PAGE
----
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This may be the first new cancer indicator in 30 years

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Platelets, the smallest proteins that make up blood, are responsible for causing clots at the site of injury to prevent further blood loss. Though their function is important, too many of these platelets can lead to a condition known as thrombocytosis. Now, new research suggests that this blood disorder may be even more dangerous than previously believed, and could be an early sign of cancer.

The study, now published online in The British Journal of General Practice, revealed that high blood platelet count in some cases may be the only outward indication of cancer. For example, according to the report, nearly one-third of patients with thrombocytosis and lung or colorectal cancer had no other symptoms of their cancer. This research may have identified the first new indicator of cancer in 30 years, and the researchers hope their finding can be used to save lives through earlier diagnosis.

The study consisted of the medical records of 40,000 individuals, and results showed that more than 11 percent of men and 6 percent of women over the age of 40 with high blood platelet count went on to be diagnosed with cancer within a year. In addition, this number further rose if the individual had a second raised platelet count within six months of the first.

“We know that early diagnosis is absolutely key in whether people survive cancer,” said lead study author Dr. Sarah Bailey, in a recent statement. “Our research suggests that substantial numbers of people could have their cancer diagnosed up to three months earlier if thrombocytosis prompted investigation for cancer. This time could make a vital difference in achieving earlier diagnosis.”

According to the team, if a conservative estimate of 5 percent of people with cancer have thrombocytosis before their cancer diagnosis, then a third of this group could potentially receive their cancer diagnosis months earlier. As in the case with so many types of cancer, early diagnosis is often key to better recovery and survival.

“Our findings on thrombocytosis show a strong association with cancer, particularly in men – far stronger than that of a breast lump for breast cancer in women,” explained study co-author Willie Hamilton in a statement. “It is now crucial that we roll out cancer investigation of thrombocytosis. It could save hundreds of lives each year.”

According to Johns Hopkins Medicine, normal platelet count ranges from 150,000 to 450,000 platelets per microliter of blood. Thrombocytosis occurs when individuals have more than 450,000 platelets, while having less than 150,000 is known as thrombocytopenia. There are two types of thrombocytosis: primary, or essential, and secondary. Primary thrombocytosis is caused by unknown reasons, while secondary is caused by an ongoing medical condition, such as anemia or an infection.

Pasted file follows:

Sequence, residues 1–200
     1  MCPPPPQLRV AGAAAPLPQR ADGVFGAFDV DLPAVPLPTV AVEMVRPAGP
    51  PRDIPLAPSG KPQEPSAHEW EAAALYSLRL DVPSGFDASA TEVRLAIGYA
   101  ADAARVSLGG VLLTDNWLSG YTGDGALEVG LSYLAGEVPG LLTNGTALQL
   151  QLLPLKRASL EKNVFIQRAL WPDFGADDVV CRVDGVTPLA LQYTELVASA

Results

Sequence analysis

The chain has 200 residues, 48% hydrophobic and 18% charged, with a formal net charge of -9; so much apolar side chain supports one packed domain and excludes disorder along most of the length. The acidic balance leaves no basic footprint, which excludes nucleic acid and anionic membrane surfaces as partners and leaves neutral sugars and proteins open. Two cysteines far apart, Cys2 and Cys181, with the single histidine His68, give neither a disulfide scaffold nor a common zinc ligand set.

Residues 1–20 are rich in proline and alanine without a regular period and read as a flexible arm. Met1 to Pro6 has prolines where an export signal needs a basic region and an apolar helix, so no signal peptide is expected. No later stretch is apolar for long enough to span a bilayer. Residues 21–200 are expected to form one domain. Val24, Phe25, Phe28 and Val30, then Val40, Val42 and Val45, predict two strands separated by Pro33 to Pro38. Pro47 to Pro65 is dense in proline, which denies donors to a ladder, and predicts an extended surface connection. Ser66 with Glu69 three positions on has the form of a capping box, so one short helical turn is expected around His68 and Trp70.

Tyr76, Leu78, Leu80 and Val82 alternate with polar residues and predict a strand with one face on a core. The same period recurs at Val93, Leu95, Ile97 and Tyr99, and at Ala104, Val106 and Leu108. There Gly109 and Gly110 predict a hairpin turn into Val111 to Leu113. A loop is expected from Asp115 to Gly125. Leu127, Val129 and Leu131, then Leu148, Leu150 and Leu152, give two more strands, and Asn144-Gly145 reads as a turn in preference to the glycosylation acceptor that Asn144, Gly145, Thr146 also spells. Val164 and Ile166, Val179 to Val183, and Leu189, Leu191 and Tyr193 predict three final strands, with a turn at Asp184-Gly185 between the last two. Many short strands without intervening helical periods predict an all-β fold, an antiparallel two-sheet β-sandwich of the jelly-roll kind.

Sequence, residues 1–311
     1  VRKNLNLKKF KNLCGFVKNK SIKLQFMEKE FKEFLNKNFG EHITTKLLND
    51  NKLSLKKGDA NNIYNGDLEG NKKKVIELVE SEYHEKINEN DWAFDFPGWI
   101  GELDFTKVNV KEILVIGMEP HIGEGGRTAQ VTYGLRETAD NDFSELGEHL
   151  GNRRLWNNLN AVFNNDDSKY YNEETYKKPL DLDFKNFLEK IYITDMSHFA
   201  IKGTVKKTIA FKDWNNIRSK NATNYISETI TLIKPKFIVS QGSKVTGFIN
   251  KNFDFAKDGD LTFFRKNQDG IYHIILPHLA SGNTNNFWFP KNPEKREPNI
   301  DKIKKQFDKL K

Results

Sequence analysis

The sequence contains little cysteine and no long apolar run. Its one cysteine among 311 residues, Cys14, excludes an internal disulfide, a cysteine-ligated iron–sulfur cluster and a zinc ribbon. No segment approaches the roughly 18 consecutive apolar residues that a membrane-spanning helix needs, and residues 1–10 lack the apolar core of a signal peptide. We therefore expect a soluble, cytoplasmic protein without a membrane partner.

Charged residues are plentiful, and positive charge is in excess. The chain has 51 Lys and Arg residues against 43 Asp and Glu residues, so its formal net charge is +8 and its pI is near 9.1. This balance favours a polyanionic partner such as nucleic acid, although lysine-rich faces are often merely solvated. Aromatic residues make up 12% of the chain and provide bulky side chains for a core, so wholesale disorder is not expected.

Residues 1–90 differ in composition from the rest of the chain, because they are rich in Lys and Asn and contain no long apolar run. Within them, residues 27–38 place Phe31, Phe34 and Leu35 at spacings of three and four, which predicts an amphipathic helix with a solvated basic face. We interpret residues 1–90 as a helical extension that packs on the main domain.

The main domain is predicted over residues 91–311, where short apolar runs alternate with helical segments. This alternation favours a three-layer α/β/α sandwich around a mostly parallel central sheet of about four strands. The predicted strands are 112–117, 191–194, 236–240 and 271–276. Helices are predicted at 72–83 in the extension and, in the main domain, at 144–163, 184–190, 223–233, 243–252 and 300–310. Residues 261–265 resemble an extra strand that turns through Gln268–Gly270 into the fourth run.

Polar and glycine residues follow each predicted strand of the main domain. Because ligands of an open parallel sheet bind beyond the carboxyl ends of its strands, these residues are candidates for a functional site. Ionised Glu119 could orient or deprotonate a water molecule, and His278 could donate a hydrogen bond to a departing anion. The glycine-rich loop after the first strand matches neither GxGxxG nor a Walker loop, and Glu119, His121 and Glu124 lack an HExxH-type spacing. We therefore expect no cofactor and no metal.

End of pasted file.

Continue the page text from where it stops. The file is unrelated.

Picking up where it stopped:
Some common symptoms of having too many blood platelets include: skin bruising or bleeding from various areas such as the nose, mouth, and gums, or the stomach and intestinal tract. In some cases, the condition can also cause pain, swelling, numbness and tingling in the hands and feet, The Cleveland Clinic reported.

Source: Bailey SER, Ukoumunne OC, SHephard EA, Hamilton W.Clinical relevance of thrombocytosis in primary care: a prospective cohort study of cancer incidence using English electronic medical records and cancer registry data. British Journal of General Practice . 2017

Related slideshow: 37 Ways to Cut Your Cancer Risk, According to Science (Courtesy: Reader’s Digest)

Get a colonoscopy: One sure-fire way to prevent cancer: Stay up to date with recommended screenings. Although rates of colon cancer deaths have been dropping due to improved screening programs, it's estimated that <a href='https://www.cdc.gov/vitalsigns/colorectalcancerscreening/index.html'>1 in 3 adults</a> over 50 aren't being tested as they should. 'Screening for colorectal cancer is the most important way to lessen one's cancer risk,' says Ashwin Ashok, MD, a gastroenterologist at PIH Health in Whittier, California. Although there are other tests like X-rays, CT scans, or testing on stool, the colonoscopy remains the 'gold standard,' Dr. Ashok says. 'The benefit of a colonoscopy is that it can actually prevent colon cancer,' he says. 'During a colonoscopy, pre-cancerous lesions called polyps can be identified and removed.' Colonoscopies aren't fun—they're done under sedation and you have to empty your bowels completely ahead of time—but they can reduce your cancer risk. 'If we can achieve <a href='https://www.cancer.org/latest-news/impact-of-achieving-80-by-2018-screening-goal.html'>80 percent screening</a> by 2018, 277,000 fewer people will be diagnosed with colorectal cancer and 203,000 lives will be saved by 2030,' Dr. Ashok says. Here are <a href='http://www.rd.com/health/conditions/3-colon-cancer-signs-you-might-be-ignoring/1'>three colon cancer signs you might be ignoring</a>. 37 Ways to Cut Your Cancer Risk, According to Science

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